Nashville's Soup Lady Wants to Bring You Locally Sourced, Life-Affirming Food

Aundra Lafayette is serving must-try soup at the Hathorne, farmers markets, and by special order.

To become synonymous with an entire culinary line in a city with as many diverse offerings as Nashville, you must be doing something right. That’s a claim Aundra Lafayette can make—the Soup Lady has become synonymous with all things soup in the Music City, dispensing wholesome meals to residents and travelers alike from her various haunts.

Lafayette contains multitudes—in addition to her status as a culinary guru and staple of Nashville’s farmers markets, she taught dance across the country and performed with the Nashville Ballet earlier this year. The movement and rhythms of dance inspire her approach to crafting her one-of-a-kind soups that enrich the soul and embolden the spirit. What goes into each bowl from the Soup Lady is a product of passion, experimentation, love, and craftsmanship.

Thrillist: Give me a brief overview of your history in the Nashville community.
Aundra Lafayette: I’m from Nashville and graduated from Pearl High School in 1966, which is now MLK. I started dancing at Fisk (University) at nine years old, and when I graduated from Pearl I moved to Philadelphia Dance Academy and taught and danced on the East Coast for 40 years. I moved back to Nashville about nine years ago, and my goal has always been to give back to the community all that I have learned, from teaching dance to making soup.

What inspired you as a cook?
My father taught me how to cook. We always had a garden, always ate good food. Good food goes together like good movement goes together—I don’t use recipes for this reason; I just think about good food and how it should be put together.

What influenced you to become the Soup Lady?
I was teaching dance at a boarding school in the Berkshires. There’s a place in Stockbridge, Massachusetts called the Red Lion Inn, and I used to go there at night to eat and I got into their soups and stews; when I moved back to Nashville, I knew I wanted to do something different, because I had taught dance for 40 years, so I got into the soup business.

My mom had a huge impact on me and she constantly encouraged me. All I knew was cooking the right soup, I had no idea about marketing or anything, but then and now I’m all about getting the word out to the people, visiting markets, and I always volunteered to help so I could learn more.

What makes your soup so special?
Well, it’s a process. People don’t think it takes a long time to make soup, but there’s so much that goes into it. It takes me a little bit to decide what I want to do, first. Inspiration might strike at any time, and I continue to learn about food, how it works together, the texture, the presentation. If you don’t have that, you don’t have good food. It’s really not much different than choreographing a performance—when the soup comes out like I want, it’s a perfect performance.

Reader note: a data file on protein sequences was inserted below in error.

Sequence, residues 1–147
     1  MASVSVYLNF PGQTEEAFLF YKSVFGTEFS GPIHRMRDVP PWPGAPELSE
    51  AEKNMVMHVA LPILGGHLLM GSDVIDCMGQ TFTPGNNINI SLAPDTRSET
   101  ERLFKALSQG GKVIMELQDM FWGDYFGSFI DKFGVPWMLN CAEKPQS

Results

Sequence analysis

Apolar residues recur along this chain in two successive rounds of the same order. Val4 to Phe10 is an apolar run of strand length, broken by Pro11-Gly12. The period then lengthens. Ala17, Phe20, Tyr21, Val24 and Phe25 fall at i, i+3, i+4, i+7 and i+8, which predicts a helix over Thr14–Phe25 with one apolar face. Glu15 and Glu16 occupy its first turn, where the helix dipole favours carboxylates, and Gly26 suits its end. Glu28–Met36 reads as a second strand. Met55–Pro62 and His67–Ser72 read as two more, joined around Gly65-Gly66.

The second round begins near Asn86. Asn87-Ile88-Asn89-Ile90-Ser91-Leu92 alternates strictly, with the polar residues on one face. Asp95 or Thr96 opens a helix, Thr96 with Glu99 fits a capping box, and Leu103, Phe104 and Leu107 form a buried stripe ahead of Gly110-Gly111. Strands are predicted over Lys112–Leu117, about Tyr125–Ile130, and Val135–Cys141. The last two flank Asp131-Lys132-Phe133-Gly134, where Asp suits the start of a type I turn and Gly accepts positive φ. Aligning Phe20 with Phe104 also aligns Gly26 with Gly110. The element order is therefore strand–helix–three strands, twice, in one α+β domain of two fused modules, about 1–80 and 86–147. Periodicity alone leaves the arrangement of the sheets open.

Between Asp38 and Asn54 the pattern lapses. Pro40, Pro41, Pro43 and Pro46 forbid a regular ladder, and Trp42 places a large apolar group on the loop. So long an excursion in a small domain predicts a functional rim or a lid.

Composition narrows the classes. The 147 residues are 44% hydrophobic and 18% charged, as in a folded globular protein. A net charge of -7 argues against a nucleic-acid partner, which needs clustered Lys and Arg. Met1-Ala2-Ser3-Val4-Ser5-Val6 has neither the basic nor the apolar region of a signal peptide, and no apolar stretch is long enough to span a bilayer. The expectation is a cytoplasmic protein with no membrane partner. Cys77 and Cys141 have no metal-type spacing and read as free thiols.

How do you source your ingredients?
I’m at the Sylvan Park Farmers Market on Saturday morning, and once I sell out of my soups, I go shopping. On Thursdays, I’m at Saint George’s Church in Belle Meade and I get more food from the farmers there. What I don’t get from them, I get at Trader Joe’s or the local turnip truck, so it’s all local food.

What does a typical week look like for you, between market and production?
Monday, I cook at the Hathorne, a restaurant on Charlotte Pike I have a partnership with. Tuesday, I take off because I do a lot of standing on Monday. Then I make my list for the market on Thursday, and I cook for most of Thursday and Friday for Saturday. Sunday, I don’t do anything to rest up for the next week.

How has the Nashville food culture changed since you started the soup business?
Everybody’s into food now! I’m glad, because food is a beautiful thing and everyone should teach their kids how to cook and how to eat—it’s sad, to hear a kid say they don’t like something they’ve never had. The food culture is so big now, and that’s why I do local food, because I know where it’s coming from and I know it’s good.

Be honest, which soup is your favorite?
People ask me that all the time! You know, they all look good to me but I really love my lentil soup, because I can do it so many different ways. And I love chicken noodle soup too, because I can make that five or six different ways.

Where can people pick up your soup?
Call me! I will make you an order and deliver it to you whenever you want. Some people think it’s only at the market, but every Saturday at Sylvan Park, I sell out by 10:30 am. And the Hathorne serves my soups at lunch every day during the week as well.

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Colby Wilson is a Thrillist contributor.